Going from face-to-face instruction to the new Blended Learning Environment for adults, is not an easy process, as it requires optimal combination of learning theories, principles of distance learning, principles of adult theory and interactive media, and instructional methods and techniques.

ORGANIZATION OF THE BOOK

This book is a collection of content based chapters and case studies, examining the pedagogical potential of Blended Learning Environments for Adult Learners.

The main objective is to bring together a group of scholars in order to build up a pedagogical approach and analytical implementation steps and directions for designing and implementing Blended Learning Collaborative Environments for adults. The proposed pedagogical approaches and case studies suggests the functional combination of advanced learning technologies of synchronous (videoconferences) and a-synchronous learning (Web-based learning environments & social networking) and F2F instruction in order to provide an interactive learning environment for adults.

Following is a brief summary of each of the chapters.

In chapter 1, Donnelly and McAviniathis contribute to the ongoing development of a common learning and teaching discourse about blended learning strategies in use in higher education today. Authors, by presenting two case studies, reach the conclusion that learning is becoming more social and informal and less structured. In contrast to the character of formal lecture halls and classrooms, modern learning space design seeks to provide freedom of access and interaction with peers.

In chapter 2, Caner introduces the concept of Blended Learning instruction that took place in the higher education environments.  Caner summarizes that Blended Learning is the blend of face-to-face instruction with distributed learning facilities that highlight the use of Internet-based instruction, which is characterized by a reduction in the number of face-to-face meetings, and facilitates the use of e-learning instruments such as synchronous and asynchronous discussion forums or interactive Web pages in the delivery of instruction in higher education.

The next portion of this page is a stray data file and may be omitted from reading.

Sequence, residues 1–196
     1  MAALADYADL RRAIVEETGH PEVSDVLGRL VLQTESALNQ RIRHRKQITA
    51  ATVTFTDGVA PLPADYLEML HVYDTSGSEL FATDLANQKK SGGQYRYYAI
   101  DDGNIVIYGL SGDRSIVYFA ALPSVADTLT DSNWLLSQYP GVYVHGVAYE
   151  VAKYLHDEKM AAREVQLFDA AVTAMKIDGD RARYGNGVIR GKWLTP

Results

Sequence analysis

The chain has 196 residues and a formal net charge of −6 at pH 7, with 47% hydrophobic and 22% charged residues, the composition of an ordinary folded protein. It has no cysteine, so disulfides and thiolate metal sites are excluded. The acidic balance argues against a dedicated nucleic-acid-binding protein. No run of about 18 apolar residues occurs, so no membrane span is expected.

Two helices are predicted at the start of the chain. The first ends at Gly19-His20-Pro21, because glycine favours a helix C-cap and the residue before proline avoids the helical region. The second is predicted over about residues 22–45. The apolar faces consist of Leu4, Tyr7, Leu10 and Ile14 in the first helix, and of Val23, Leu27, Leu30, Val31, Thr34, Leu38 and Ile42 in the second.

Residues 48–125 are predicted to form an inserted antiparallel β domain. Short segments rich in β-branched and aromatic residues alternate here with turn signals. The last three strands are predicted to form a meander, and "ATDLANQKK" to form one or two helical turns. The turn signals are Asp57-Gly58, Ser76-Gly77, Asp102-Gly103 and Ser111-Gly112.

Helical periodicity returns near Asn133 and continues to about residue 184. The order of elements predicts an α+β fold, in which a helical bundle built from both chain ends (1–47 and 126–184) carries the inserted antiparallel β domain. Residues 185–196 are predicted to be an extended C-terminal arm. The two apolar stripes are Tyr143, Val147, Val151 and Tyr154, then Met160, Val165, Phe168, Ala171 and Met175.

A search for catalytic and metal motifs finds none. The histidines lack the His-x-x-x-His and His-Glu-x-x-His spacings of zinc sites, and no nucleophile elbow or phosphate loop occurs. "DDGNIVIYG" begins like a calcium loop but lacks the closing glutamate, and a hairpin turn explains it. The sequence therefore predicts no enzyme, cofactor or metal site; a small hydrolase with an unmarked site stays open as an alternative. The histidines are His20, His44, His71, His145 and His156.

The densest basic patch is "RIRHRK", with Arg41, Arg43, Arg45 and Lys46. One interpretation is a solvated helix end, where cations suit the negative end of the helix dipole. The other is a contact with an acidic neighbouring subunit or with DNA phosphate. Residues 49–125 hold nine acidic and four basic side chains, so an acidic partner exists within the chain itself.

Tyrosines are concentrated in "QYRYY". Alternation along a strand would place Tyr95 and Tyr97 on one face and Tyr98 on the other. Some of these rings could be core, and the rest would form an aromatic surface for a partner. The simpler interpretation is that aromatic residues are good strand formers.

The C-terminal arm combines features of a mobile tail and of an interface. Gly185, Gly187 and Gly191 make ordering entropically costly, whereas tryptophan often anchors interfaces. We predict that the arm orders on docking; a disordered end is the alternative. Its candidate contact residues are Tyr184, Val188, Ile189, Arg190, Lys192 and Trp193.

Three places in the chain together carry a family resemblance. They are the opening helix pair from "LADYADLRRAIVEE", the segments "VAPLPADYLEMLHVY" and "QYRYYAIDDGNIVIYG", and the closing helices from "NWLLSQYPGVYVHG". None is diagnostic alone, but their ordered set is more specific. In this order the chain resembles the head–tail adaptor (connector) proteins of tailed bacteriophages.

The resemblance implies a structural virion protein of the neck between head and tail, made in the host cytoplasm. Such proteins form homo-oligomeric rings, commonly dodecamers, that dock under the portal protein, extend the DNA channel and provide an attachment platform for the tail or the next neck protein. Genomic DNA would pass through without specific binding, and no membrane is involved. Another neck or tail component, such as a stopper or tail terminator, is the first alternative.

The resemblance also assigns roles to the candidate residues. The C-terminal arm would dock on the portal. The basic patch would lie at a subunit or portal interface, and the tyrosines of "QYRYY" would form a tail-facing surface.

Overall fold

In chapter 3, Peachey argues that the challenge for effective blended learning design must not only include a pedagogical foundation but also a motivational imperative. According to the author any effort to design an efficient blended learning programme may be ineffective unless the element of enjoyment is added to the blend.

In chapter 4, Ferri, Grifoni, and Guzzo analyse the features that impact the success of the blended learning methods, by giving different definitions used in literature and by studies review about experiences, opinions and satisfaction of students in Italian Universities. Authors argue that advantages of Blended Learning can be enhanced by the use of mobile devices and the new collaborative tools of Web 2.0 allowing cohesion and interaction among students by improving collaboration and social relationships.

In chapter 5, Saleeb and Dafoulas provide recommendations and an initial architectural design framework for creation and deployment of 3D virtual learning spaces within 3D virtual worlds, used for students’ blended learning experiences. Authors investigated satisfaction rates of adult students with disabilities from different architectural design elements of 3D virtual learning spaces.

In chapter 6, Pietruszkiewicz and Dzega present how Artificial Intelligence (AI) could be used to support the management of e-learning platform and maintenance of e-learning quality by analyzing two AI applications

In chapter 7, Bai identifies and discusses some benefits, challenges, and barriers that face instructors in adopting a collaborative elearning construction environment for blended learning.

In chapter 8, Stefanovic, Matijevic, and Cvjetkovic try to define a framework for the development of Web based laboratories as part of an on-line component of blended learning for adults.